How To Cut The Screen TimeNov 30, 2022
The amount of time that kids spend in front of a screen is a big factor in their mental health. In fact, according to research, it appears to be an even more important factor than how much physical activity they do!
At KidShape, we encourage limiting kids’ recreational screen time to no more than 2 hours per day, in conjunction with recommendations of most major health organizations. That’s easier said than done! To get started towards this goal, talk together as a family to come up with some guidelines for screen use. Here are some things to discuss:
1. Find your "Why".
What are the main reasons you want to balance time between screen use and other activities? Knowing the reason can help make rule-setting easier. Both adults and kids should express their thoughts on why limiting screen time is important.
2. Define family rules.
Discuss what rules will help with achieving the screen time goal. Look back at the “why” answers for ideas. For example, if getting a good night’s sleep is one reason “why”, then consider setting a nighttime cutoff for screen use. Other ideas:
- No devices allowed at mealtime
- Are screens allowed in the bedroom? What times?
3. Establish rewards & consequences.
Positive incentives are better than negative consequences. Discuss this as a family so everyone has input.
- Rewards: If the child turns off screens at 8:30 PM without asking (for a night, or several nights), then the child gets to schedule a play date.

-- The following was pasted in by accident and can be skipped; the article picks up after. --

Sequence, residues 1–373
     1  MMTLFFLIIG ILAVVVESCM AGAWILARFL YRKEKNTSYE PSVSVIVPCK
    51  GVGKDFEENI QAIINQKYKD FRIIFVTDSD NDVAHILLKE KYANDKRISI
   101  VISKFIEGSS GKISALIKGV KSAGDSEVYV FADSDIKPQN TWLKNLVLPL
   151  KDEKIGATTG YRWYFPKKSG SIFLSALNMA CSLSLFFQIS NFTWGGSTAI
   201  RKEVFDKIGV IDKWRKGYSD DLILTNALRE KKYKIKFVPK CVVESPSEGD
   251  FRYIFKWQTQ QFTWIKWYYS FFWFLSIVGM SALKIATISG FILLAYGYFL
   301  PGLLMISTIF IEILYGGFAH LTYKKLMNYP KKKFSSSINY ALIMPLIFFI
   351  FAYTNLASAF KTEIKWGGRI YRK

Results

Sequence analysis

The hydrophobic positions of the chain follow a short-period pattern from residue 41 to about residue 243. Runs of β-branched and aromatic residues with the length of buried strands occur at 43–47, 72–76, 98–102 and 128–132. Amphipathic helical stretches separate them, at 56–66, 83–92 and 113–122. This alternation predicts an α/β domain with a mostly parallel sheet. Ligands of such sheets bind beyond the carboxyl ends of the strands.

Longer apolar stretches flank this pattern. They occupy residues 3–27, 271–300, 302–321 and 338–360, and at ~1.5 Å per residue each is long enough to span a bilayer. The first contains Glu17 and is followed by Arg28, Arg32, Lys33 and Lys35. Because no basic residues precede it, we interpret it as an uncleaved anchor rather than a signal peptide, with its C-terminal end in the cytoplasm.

- Consequences: Perhaps the person who looks at their phone during a meal is the one who has to wash the dishes. Be creative and avoid over punishing.
4. Allow flexibility.
Life may require some exceptions to the screen time rules, so allow for flexibility. Communicate clearly why the usual rules are being flexed, whether it’s for a long road trip, or for an urgent matter.
Sampasa-Kanyinga H, Colman I, Goldfield GS, Janssen I, Wang J, Podinic I, Tremblay MS, Saunders TJ, Sampson M, Chaput JP. Combinations of physical activity, sedentary time, and sleep duration and their associations with depressive symptoms and other mental health problems in children and adolescents: a systematic review. Int J Behav Nutr Phys Act. 2020 Jun 5;17(1):72. doi: 10.1186/s12966-020-00976-x. PMID: 32503638; PMCID: PMC7273653.
Biddle SJ, Asare M. Physical activity and mental health in children and adolescents: a review of reviews. Br J Sports Med. 2011 Sep;45(11):886-95. doi: 10.1136/bjsports-2011-090185. Epub 2011 Aug 1. PMID: 21807669.
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